The graded blue photographs came in response to the routed, panel pieces. Last year, I photographed several Abstract Expressionist paintings, focusing on the accidental marks on the canvas: drips, spatter, pools of paint. I isolated these into a digital drawing and routed the marks into a series of painted, construction grade panels. I was questioning lofty, modernist tenets and I wanted to see if marks that were originally created in a completely organic way could translate through an analytical process. The resulting piece is 4′x32′ and was painstaking on many levels to fabricate; I wanted to make another, less exertive body of work that dealt with a different facet of these ideas.
The photographs are images of the sky, taken outside my studio and the studio of de Kooning on Eastern Long Island. I like the idea of materials doing a lot of the work and I was attracted to just pointing a camera up at the sky. Though the photos are a tacit record of place and the studio process, they’re almost characterless; they could be created just about anywhere. I was surprised, ultimately by how much the images referenced digital, rather than natural space.
Is there a way to define or articulate what visual poetry is? I think that’s an important element to your work.
For me, visual poetry is by definition, transitory. The most affecting art pieces are ones that I don’t have a language for yet. I think when one knows how to make poetry, it ceases to be poetry. I try to pursue my ideas in the studio, allow things to happen and to think of the process as building a system of belief and learning. Sometimes these parts make poetry.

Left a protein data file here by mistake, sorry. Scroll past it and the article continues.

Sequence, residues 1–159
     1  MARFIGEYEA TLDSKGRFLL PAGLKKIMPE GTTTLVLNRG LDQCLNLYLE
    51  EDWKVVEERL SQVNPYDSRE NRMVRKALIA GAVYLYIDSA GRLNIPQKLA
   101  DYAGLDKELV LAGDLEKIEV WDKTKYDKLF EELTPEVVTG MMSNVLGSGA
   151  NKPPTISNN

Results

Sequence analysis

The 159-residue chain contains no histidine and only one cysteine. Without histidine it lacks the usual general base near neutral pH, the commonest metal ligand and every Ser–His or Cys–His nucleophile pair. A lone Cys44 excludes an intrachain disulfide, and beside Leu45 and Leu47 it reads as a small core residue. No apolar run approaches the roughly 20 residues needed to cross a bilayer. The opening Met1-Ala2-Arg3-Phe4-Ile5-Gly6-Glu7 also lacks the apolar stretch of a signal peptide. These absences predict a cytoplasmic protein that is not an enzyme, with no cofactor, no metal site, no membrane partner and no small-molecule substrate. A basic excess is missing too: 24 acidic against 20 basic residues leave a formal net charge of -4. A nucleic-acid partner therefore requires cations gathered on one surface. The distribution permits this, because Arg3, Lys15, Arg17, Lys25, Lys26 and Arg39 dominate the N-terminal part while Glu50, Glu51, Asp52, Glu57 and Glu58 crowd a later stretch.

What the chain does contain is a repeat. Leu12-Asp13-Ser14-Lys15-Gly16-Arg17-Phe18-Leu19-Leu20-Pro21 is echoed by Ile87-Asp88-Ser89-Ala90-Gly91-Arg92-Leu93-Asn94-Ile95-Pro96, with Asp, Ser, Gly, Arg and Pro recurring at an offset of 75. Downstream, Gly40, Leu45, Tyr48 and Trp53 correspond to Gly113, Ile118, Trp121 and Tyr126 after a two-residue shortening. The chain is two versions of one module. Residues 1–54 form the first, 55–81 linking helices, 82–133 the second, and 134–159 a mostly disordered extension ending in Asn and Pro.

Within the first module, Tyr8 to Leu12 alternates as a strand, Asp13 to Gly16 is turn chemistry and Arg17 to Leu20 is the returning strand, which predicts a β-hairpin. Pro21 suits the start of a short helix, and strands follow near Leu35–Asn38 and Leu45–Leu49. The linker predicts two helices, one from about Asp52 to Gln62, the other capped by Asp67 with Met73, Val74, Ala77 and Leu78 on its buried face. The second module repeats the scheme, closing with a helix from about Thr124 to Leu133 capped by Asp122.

In one series, you crumple up posters or magazine images, spray paint over the crumples, and then flatten the image and adhere it to board. How important is the source image to this process?
That was a body of work I made a couple of years ago where I started to really question some modernist ideas, particularly those related to painting. I was thinking about the brushstroke and gesture, particularly the Abstract Expressionists. This set of aesthetic beliefs still casts a long shadow over the art world and there’s a lot of myth and fetishizing that goes on. I wanted to create an alternate mark-making in response to this, something completely unheroic. Rather than work with artist materials, I used mass-market posters, crumpling them in a sort of subtractive gesture. I liked that the images situated the work within a certain contemporary conversation but they weren’t particularly important to me as individual places or people. I saw them in general terms; landscapes and portraits representing the two essential ways to organize space in a painting.
What is the role of illusion—the seen and the unseen—in your work?
As far as illusion, none, really. I realize that some of my work has an illusionist, trompe l’oeil effect but that’s a by-product; if the conversation centers on those formal elements, I’ve failed.
The unseen is a bit different. For me, the unseen brings up ideas that might not be immediately evinced in the piece. Learning more is necessary for me to be interested in an art piece—if I know the parameters of the conversation, I’m usually bored. I try to make work that requires more than just a familiar, visual communication; work that can be a catalyst for ideas.
Do you see yourself living in New York for the next five to ten years?
I have a long answer to this question that has to do with artists, the potential and real failures of art, class systems, colleges designed by prison architects, and astrology, but the short answer: yes.